Can there be more than one black hole in a galaxy?

This artist's conception illustrates one of the most primitive supermassive black holes known (central black dot) at the core of a young, star-rich galaxy. Astronomers using NASA's Spitzer Space Telescope have uncovered two of these early objects, dating back to about 13 billion years ago.  This illustration also shows how supermassive black holes can distort space and light around them (see warped stars behind black hole). Stars from the galaxy can be seen sprinkled throughout, and distant mergers between other galaxies are illustrated in the background. Image credit: NASA/JPL-Caltech

This artist's conception illustrates one of the most primitive supermassive black holes known (central black dot) at the core of a young, star-rich galaxy. Astronomers using NASA's Spitzer Space Telescope have uncovered two of these early objects, dating back to about 13 billion years ago.  This illustration also shows how supermassive black holes can distort space and light around them (see warped stars behind black hole). Stars from the galaxy can be seen sprinkled throughout, and distant mergers between other galaxies are illustrated in the background. Image credit: NASA/JPL-Caltech

Sure!  But it depends on what type of black hole.  There are two main flavors of black hole: supermassive black holes, and stellar mass black holes.  As their names indicate, stellar mass black holes are about the mass of a single star, and supermassive black holes are super massive.

By supermassive, we mean that they’re at least a million suns worth of mass crammed into a very tiny space. (For this kind of thing, astronomers have defined the handy unit of the solar mass: this is the mass of our sun.) They can go up to solar masses of several billion (several billion times the mass of the sun). These are usually the types of black holes people think about when they’re talking about galaxies, and the center of each galaxy should have exactly one of these. If we find a galaxy with more than one supermassive black hole in its center, we have found ourself a very unusual galaxy, which has very likely just devoured another galaxy about as large as itself. The two black holes will eventually fall together and combine to make one, larger, black hole, as the rest of the galaxy recovers from the consumption of another galaxy. We think that supermassive black holes got to be supermassive by gradually going through this process of munching on smaller galaxies and absorbing their black holes over the course of the universe’s lifetime.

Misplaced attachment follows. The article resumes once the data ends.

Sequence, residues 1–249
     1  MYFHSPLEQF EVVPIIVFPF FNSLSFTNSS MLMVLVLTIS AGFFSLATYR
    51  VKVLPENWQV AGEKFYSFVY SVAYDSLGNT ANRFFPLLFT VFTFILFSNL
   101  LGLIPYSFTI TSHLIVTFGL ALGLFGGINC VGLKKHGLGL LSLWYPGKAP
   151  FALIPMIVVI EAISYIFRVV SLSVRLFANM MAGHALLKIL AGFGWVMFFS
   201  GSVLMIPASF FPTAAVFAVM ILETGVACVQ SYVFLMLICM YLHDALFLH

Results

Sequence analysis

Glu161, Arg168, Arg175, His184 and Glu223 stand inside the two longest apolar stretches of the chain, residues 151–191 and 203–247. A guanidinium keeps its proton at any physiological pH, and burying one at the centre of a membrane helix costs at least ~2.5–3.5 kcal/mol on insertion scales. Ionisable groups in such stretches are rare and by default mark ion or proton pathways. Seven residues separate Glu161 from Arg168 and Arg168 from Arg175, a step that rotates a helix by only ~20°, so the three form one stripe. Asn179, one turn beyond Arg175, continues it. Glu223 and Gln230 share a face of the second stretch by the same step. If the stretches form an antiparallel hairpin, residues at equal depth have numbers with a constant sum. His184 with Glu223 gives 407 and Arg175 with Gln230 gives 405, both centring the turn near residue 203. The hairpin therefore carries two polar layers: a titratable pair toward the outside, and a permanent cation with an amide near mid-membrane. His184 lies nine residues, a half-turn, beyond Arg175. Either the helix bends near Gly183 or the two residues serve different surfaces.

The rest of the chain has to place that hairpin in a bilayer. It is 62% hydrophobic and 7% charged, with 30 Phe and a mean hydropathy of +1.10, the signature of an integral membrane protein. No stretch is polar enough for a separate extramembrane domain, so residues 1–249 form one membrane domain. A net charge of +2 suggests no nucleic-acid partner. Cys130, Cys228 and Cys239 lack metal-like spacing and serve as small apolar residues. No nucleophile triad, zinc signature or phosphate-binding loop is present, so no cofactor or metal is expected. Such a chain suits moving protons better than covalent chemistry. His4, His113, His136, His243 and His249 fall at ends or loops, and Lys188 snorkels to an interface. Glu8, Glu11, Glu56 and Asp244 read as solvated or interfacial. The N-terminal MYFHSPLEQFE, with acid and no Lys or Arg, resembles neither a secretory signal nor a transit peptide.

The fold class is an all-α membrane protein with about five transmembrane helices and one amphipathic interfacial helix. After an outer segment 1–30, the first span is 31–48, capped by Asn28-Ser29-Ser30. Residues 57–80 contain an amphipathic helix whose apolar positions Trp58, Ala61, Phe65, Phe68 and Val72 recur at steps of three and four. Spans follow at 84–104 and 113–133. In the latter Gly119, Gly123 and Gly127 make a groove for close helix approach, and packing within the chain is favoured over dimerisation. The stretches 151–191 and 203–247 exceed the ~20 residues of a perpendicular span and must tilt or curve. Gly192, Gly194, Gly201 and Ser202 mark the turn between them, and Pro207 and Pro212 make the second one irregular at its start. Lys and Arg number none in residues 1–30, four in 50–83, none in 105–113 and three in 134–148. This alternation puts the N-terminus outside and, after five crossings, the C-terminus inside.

Stellar mass black holes, on the other hand, are about as common as dirt. You get a stellar mass black hole any time a large star (usually more than about 8 solar masses) reaches the end of its life and dies in a spectacular supernova fashion. The mass of the star plus the energy of the supernova compresses the remaining star matter down past the density you would need to make a white dwarf or neutron star, and you’ve got yourself a new stellar mass black hole. There are tons of these black holes in the galaxy, but since they’re only as massive as the star that they formed from, they don’t have nearly as big an effect on their surroundings as the supermassive ones do. This makes them much harder to find, so we’re still getting a handle on exactly how many there should be in the galaxy, but the number can be safely rounded to “a lot.”

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